Max Ophüls remains revered for his densely layered postwar sandcastles of love and irony, and as a result his international résumé through the Thirties is often overlooked — if seen at all.
This 1940 rarity, released in France nine days before the Germans began their assault and occupation, is quite apparently an Ophüls-for-hire quickie, and apparently the only movie ever made about the devout but royal-protocol-vexed romance between the Hapsburg dynasty’s Archduke Franz Ferdinand (American politician-to-be John Lodge) and his underclass Czech-countess love Sophie Chotek (Edwige Feuillère) in the century’s first decades.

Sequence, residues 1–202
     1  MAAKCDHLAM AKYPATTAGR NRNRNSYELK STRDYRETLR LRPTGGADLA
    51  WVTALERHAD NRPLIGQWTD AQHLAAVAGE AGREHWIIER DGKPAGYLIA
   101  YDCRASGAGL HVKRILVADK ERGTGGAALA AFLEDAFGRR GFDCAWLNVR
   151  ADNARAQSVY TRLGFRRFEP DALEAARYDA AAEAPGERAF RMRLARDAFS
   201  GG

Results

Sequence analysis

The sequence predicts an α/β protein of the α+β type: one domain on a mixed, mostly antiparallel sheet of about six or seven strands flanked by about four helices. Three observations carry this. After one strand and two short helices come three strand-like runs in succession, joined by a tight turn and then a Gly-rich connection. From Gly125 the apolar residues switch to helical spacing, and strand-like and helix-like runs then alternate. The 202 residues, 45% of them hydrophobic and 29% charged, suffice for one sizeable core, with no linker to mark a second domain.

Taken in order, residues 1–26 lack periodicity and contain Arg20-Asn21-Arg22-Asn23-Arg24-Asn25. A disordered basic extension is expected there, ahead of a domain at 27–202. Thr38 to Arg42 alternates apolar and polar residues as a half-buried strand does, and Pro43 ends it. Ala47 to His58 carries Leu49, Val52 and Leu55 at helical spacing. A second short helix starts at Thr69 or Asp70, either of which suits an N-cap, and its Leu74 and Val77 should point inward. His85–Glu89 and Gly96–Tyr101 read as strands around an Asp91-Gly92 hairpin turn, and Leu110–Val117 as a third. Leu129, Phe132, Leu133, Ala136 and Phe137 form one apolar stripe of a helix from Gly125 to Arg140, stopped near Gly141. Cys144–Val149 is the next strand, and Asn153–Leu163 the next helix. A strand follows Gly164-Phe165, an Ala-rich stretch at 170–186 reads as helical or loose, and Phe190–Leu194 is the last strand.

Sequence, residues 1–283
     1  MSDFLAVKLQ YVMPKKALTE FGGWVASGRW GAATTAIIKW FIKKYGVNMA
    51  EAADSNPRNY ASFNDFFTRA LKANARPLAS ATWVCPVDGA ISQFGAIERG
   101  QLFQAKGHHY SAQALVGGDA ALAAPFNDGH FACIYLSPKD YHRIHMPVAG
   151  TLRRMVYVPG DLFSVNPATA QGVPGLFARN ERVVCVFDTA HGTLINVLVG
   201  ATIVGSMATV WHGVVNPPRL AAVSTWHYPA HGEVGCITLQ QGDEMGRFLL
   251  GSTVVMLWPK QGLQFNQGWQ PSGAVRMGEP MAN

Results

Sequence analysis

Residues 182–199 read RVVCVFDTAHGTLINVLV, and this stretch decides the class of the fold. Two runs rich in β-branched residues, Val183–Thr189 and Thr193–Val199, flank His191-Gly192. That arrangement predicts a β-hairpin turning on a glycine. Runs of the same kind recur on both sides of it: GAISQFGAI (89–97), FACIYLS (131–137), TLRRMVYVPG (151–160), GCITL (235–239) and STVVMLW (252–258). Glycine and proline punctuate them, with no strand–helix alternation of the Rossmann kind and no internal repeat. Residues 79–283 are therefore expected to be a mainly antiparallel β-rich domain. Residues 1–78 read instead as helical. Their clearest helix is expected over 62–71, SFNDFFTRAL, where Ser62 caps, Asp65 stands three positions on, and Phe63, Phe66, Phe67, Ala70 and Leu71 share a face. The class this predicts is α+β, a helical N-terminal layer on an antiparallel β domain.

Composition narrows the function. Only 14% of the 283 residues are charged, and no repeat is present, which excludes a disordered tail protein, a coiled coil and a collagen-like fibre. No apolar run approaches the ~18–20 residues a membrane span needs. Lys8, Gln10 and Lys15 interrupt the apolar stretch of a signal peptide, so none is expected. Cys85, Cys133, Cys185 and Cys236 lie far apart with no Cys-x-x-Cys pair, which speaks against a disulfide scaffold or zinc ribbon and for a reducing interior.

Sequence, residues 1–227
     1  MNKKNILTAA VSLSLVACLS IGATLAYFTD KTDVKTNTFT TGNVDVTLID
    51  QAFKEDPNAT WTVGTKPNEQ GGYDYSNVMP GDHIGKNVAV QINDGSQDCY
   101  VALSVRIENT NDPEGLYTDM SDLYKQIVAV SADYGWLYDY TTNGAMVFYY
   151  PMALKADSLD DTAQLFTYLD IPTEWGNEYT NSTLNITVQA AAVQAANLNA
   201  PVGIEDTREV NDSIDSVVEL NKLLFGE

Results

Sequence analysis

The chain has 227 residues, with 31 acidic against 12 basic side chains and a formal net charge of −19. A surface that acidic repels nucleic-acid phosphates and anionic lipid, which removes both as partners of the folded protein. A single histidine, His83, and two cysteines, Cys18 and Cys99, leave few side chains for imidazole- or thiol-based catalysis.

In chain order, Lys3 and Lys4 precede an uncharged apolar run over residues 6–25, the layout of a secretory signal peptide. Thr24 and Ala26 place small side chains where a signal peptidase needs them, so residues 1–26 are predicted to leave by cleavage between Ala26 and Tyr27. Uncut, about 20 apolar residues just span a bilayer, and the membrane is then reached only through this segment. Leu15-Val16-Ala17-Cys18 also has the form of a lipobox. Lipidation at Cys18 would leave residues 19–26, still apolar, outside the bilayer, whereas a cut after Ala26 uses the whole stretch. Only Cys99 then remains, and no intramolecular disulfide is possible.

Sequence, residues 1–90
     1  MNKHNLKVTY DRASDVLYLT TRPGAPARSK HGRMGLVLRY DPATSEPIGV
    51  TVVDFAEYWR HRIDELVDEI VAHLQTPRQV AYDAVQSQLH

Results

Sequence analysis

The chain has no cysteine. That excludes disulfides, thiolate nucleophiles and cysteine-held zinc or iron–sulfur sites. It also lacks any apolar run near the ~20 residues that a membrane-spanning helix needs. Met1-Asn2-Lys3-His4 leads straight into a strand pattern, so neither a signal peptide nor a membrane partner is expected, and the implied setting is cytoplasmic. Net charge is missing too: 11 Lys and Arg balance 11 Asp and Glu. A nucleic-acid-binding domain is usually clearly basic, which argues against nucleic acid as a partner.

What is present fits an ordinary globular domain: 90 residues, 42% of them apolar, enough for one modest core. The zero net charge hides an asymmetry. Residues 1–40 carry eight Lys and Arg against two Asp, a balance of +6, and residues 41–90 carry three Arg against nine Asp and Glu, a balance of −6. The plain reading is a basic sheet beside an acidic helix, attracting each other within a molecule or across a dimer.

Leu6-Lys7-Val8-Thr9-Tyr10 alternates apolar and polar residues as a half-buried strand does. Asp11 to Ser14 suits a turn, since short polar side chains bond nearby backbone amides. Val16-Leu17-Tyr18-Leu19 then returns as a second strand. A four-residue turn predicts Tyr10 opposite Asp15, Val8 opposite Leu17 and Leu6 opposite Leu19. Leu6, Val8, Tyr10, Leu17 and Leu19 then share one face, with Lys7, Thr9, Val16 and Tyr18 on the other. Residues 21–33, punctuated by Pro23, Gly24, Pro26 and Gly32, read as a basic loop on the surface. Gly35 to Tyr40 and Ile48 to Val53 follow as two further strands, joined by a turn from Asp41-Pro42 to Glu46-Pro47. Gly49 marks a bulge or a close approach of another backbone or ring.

The modern era looms, as the Empire’s unrest builds, a spontaneous yet inevitable world war approaches, and Lodge’s earnest Franz becomes a black sheep for both his love life and progressive ideas. We know, long before Franz’s Oswald shows up, that it doesn’t end well, of course (neither does the movie, with a blurting of anti-Nazi propaganda), but Ophüls finds crazy lavishness and poetry in the Empire trappings, and excels in detailing the dreary, humiliating absurdity of court life.
Assembled like there was no time to lose, the movie is nevertheless distinctively Ophülsian, taking great grace with spaces and character, and allowing Feuillère to charm our pants right off. For M.O. junkies, it’s a necessity.